What are 3D shapes and how can we draw and understand them?

Threshold Concepts

A triangle can be constructed with ruler, protractor and pair of compasses

 

A ratio says how much of one thing there is compared to another.

 

A negative number Is a number less than zero.

 

An equation can sometimes be solved to find a value for the variable which satisfies the equation.

Transformations’ is the collective name for reflections, rotations, translations and enlargements.

Equally likely outcomes can be used to find a numerical value of a probability

 

Graphs can be used to display information.

 

Non-exact numbers can be rounded to give an approximate answer which is useful to estimate answers.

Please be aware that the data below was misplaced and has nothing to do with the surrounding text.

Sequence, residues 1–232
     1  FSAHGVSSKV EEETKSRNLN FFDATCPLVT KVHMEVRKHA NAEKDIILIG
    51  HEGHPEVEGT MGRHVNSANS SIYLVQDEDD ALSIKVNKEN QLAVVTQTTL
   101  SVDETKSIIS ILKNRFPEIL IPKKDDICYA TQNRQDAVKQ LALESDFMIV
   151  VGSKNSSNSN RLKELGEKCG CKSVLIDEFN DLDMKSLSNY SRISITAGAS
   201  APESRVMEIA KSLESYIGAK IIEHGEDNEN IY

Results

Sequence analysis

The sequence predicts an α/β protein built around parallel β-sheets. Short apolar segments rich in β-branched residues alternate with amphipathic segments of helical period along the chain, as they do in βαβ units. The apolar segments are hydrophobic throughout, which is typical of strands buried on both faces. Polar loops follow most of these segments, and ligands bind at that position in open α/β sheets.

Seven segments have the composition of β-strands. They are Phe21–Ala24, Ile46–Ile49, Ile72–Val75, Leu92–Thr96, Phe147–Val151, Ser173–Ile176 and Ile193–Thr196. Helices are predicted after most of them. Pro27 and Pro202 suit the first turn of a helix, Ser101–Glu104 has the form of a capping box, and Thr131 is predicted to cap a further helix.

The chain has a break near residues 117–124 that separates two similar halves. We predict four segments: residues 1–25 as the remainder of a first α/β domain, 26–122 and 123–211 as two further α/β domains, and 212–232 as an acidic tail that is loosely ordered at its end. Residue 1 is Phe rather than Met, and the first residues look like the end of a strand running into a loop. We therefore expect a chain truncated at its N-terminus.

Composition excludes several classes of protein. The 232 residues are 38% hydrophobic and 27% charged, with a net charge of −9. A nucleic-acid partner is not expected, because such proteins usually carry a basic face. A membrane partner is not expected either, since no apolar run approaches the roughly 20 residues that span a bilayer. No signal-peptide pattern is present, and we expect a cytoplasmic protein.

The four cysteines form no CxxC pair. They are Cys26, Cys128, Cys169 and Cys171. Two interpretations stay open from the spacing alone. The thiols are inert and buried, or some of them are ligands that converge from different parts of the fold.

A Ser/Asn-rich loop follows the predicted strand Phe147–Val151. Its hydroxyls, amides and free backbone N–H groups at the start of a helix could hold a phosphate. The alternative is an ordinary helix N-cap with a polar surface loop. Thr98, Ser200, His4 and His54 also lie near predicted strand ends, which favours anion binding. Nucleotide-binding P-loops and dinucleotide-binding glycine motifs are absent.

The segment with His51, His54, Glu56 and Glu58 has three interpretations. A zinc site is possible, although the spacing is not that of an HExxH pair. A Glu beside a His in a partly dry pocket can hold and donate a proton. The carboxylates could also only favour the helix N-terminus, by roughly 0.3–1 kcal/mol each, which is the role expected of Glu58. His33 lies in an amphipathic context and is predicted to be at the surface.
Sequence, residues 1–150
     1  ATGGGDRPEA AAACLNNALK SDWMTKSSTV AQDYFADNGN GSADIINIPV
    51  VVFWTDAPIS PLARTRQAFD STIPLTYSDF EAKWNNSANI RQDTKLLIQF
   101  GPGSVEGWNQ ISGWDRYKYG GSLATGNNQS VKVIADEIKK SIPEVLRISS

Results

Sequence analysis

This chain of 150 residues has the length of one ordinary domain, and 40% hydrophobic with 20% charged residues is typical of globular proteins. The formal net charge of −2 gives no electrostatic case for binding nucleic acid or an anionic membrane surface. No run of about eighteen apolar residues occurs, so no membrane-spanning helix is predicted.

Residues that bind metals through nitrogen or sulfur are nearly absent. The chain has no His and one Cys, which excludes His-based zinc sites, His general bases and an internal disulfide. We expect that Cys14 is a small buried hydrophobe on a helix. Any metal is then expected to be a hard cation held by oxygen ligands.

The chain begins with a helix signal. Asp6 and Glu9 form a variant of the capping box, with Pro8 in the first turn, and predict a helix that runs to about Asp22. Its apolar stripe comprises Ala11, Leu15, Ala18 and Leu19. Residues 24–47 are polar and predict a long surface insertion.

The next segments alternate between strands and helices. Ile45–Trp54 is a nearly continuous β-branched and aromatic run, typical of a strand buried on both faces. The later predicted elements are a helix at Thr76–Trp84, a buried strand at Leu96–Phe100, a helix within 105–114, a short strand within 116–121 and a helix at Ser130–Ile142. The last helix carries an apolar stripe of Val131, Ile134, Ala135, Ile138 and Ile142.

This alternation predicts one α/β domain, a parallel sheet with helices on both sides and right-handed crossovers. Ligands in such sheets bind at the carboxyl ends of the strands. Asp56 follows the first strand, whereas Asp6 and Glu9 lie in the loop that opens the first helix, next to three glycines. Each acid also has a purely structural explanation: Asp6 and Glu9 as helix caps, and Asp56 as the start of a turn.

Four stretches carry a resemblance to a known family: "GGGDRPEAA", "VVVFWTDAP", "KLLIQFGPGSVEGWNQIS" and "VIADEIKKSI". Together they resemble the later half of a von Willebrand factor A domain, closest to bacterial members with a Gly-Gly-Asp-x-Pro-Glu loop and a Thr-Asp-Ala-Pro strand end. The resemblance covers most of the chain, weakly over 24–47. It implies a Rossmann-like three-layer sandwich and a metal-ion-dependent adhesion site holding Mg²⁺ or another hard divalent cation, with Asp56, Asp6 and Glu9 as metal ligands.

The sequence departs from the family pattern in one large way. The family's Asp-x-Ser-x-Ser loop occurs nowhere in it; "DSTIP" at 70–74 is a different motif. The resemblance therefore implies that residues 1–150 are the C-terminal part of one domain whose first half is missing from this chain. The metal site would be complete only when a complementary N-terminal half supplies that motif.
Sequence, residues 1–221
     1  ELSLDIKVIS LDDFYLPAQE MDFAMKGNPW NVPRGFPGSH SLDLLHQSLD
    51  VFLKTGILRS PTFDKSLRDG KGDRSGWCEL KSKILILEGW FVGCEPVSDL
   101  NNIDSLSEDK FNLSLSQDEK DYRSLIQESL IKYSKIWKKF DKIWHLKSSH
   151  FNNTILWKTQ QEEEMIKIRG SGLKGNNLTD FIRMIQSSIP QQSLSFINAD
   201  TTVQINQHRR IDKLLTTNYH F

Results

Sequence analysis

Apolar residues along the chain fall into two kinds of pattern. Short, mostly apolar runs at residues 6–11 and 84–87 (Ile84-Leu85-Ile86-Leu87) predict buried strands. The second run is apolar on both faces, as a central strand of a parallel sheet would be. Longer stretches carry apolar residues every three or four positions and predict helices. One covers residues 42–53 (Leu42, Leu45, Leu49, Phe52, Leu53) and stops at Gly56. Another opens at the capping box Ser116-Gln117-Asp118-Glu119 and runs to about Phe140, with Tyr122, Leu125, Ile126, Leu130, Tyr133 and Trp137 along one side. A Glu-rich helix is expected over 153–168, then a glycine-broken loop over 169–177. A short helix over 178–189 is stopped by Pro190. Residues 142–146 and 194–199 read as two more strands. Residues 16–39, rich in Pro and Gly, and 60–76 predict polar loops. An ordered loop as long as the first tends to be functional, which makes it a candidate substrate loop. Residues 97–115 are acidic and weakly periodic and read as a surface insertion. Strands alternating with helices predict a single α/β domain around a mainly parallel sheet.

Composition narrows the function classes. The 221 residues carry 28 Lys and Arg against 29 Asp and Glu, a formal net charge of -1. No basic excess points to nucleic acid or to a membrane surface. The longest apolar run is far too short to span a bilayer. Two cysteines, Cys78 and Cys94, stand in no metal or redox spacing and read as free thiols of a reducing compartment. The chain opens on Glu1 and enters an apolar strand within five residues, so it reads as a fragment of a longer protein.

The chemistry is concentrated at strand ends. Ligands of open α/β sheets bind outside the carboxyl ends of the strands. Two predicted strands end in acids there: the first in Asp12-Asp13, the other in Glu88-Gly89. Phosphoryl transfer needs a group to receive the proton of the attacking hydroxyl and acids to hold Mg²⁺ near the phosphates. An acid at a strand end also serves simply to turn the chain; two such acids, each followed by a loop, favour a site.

An arithmetic sequence is a sequence which goes up and down in equal steps and so can be described using a rule, e.g. ‘3n + 1.’

 

Conversions between metric and imperial units can be used.

 

Ruler and compasses can be used to construct perpendicular and angle bisectors.

 

2D and 3D objects can have edges and vertices.

Link to Prior Learning

 

Algebraic substitution

 

Fractions, decimals and percentages

Coordinates

 

Probability

Solving equations

 

Sequence rules

 

Angle facts

Knowledge and sequencing rationale In Year 7 we are strengthening work on Number as the students join from many Primary schools, then working on topics in Algebra, Shape, Data and Probability.

 The Mathematics Department – Year 7 Curriculum

Year 8

Year 8 Higher

Year 8 Higher

Autumn Term,

Half Term 1